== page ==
Browsing Theses and Dissertations by Subject "Handel's Messiah"
Now showing items 1-1 of 1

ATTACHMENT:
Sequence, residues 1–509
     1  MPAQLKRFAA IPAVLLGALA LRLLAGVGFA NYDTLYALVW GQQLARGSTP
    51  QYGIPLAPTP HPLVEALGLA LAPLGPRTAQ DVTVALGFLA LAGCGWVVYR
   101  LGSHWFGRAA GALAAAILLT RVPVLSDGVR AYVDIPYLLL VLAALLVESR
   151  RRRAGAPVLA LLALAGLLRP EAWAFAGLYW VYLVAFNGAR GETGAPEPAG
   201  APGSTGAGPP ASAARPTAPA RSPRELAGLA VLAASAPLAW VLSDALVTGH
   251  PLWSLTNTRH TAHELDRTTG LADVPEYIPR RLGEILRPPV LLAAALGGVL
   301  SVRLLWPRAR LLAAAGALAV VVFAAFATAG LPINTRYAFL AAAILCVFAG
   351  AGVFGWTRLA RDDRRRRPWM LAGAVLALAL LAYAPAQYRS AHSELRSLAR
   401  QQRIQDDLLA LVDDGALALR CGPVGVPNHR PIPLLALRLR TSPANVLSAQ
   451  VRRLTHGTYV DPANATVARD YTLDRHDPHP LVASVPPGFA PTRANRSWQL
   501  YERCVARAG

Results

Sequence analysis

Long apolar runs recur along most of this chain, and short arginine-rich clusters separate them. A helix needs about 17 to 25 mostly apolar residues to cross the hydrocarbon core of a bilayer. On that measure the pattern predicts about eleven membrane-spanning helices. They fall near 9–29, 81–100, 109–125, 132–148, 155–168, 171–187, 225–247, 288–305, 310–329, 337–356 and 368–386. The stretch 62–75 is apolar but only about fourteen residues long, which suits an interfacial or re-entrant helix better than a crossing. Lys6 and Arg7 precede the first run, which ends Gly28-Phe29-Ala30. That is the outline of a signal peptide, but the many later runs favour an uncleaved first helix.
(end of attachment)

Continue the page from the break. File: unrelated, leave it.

"HE WAS DESPISED" IN WRITING AND PERFORMANCE: A STUDY OF VOCAL ORNAMENTATION IN ONE ARIA FROM HANDEL'S MESSIAH USING OBJECTIVE AND SUBJECTIVE LISTENING PRACTICEA two-fold analysis of the vocal ornamentation in Handel's aria, "He was despised" from Messiah, was conducted employing objective and subjective forms of listening practice associated with the analysis of recordings methodology. It is this author's hypothesis that prosody, born of the semiotic processes of rhythm, pitch and accent, and which is also reflective of the subjective understanding of the performer, will be present during the moment of an ornament--if it is present at all in any performance. Ornamentation is shown to be an entry into the world of subjectivity in Baroque vocal performance practice as well as a window into the oral tradition and the primacy of the singer's expressiveness that relates back to the Italian school to which Handel subscribed. The method of study in this monograph consists of examining scholarly writings, scores, notations and most importantly, applying listening practice to 38 different renditions of "He was despised," executed by female altos or by countertenors, under the direction of various conductors, dating from 1927 through 2006. The first of two listening practices is an analysis of recordings to identify and review the nature of the non-notated sung ornaments found in the recordings. The author develops a system of defining and categorizing the types and units of non-notated, aurally observed vocal ornaments executed in each performance. In the second phase of this study, the author incorporates a postmodern philosophical approach and notes her own subjective experiences during the analysis of recordings. This phase examines the idea that prosodic elements are associated with the subjective experience of emotional meaning, elucidation of text, and illumination of subtext in this aria from Handel's Messiah. Results include noteworthy findings about the interplay of the singer's subjectivity with ornamentation in affecting the listener's subjective reaction to the performance (e.g., narrator's viewpoint, beautifying versus emphasizing subtext). In conclusion, the author explores the relationship between a performer's prosodic and non-prosodic executions of ornamentation and proposes specific recommendations to singers who wish to execute ornamentation in a manner that is both historically informed as well as prosodically expressive of subtext.